“The Glorious Dance of Binary Stars”

by Dr. David Bradstreet

“Remember the dual suns Luke Skywalker saw from his home planet of Tatooine?” asks Christian and veteran Eastern University astronomer Dr. David Bradstreet. “Star Wars,” he notes, got it right.” A significant percentage of stars in our universe exist together in pairs. More stars than not actually have companions, as is the case with the star in the handle of the Big Dipper, Mizar. Its companion star Alcor is visible to the unaided eye. Bradstreet, whose astronomical specialty is binary star systems, says that “Multiple-star systems like the binaries that warmed Luke’s skin make up 60 percent of all the stars in our cosmos,” Bradstreet notes. “Our sun is among the solo minority.” Over the four decades at Eastern University, Bradstreet has written curriculum and software about the wondrous phenomena of stellar fellowship which are used by astronomers all over the world. For Bradstreet, binaries bespeak of the glory of God. “In this dance of binary stars,” he says, “I see God. Not literally. God is invisible. And not philosophically. I’m not a pantheist (That’s the technical term for people who say the universe is God.) When I study the heavens, I see God’s character expressed in the order, beauty and complexity, and harmony of the many marvelous worlds he has made.”[1] Binary stars are the only way that astronomers can directly measure the masses of stars, arguably their single most important characteristic. Dr. Bradstreet’s contribution includes a harmonious narrative of his in-depth scientific knowledge of binary stars and a pastoral exegetical apologetic as to how he sees the dance of binaries declaring the glory of God.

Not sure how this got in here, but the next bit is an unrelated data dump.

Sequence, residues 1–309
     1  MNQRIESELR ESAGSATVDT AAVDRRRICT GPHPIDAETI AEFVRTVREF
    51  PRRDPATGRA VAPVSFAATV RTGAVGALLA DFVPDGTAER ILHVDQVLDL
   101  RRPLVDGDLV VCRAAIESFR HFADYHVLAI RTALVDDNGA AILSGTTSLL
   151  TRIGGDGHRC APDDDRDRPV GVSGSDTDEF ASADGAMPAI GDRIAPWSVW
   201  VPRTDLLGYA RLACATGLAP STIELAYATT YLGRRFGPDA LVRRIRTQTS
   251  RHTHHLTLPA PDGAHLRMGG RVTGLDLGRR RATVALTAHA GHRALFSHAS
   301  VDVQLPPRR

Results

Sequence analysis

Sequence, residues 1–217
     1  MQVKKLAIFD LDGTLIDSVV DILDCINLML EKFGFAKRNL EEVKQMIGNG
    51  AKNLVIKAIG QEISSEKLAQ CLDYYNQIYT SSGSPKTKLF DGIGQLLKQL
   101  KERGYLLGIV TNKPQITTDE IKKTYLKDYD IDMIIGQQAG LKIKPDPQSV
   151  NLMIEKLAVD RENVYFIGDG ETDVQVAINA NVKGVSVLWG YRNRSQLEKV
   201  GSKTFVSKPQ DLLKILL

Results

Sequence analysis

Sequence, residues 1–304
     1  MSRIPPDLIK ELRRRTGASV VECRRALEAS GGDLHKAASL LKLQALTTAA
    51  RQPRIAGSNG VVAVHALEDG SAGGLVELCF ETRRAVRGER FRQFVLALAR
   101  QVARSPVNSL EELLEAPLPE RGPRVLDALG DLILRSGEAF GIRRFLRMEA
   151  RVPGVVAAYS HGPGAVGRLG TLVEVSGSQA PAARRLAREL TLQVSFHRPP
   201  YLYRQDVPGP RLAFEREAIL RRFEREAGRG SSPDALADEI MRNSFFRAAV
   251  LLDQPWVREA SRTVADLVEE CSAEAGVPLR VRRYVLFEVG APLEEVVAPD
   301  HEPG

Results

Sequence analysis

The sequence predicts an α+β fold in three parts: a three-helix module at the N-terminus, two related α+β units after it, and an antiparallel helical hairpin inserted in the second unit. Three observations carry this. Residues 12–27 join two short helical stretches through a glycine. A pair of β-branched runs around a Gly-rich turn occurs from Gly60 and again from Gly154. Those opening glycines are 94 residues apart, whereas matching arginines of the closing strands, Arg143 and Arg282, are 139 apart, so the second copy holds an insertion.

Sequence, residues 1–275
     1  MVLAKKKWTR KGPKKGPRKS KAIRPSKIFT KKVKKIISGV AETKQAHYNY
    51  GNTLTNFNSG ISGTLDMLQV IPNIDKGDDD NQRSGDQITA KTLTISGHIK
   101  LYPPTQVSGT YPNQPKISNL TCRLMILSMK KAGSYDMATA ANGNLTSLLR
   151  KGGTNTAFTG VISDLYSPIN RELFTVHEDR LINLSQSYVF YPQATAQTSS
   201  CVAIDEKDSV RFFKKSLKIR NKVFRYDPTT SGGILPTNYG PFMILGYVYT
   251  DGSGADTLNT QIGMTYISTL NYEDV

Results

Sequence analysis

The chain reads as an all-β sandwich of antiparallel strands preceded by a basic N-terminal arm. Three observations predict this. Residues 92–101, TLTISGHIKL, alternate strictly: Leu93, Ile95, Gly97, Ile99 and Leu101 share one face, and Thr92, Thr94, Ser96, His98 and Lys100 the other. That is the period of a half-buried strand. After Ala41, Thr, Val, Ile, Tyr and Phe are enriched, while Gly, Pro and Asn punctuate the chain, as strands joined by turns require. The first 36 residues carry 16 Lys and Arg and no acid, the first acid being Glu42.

Dr. David Bradstreet is an astronomy and physics professor and chair at Eastern University. He has written more than 100 scholarly papers and coathored Star Struck (Zondervan, 2016) and the Binary Maker 3.0 software program that helps astronomical researchers worldwide calculate and characteristics of binary stars. In 2014, the International Astronomical Union named the asteroid 5896 Bradstreet in honor of his contributions to binary star research and innovative digital planetarium curriculum. Read more about Dr. David Bradstreet here: http://templetonhonorscollege.com/about/people/faculty/bradstreet

[1] David Bradstreet and Steve Rabey, Star Struck, Seeing the Creator in the Wonders of Our Cosmos (Grand Rapids: Zondervan, 2016), 36.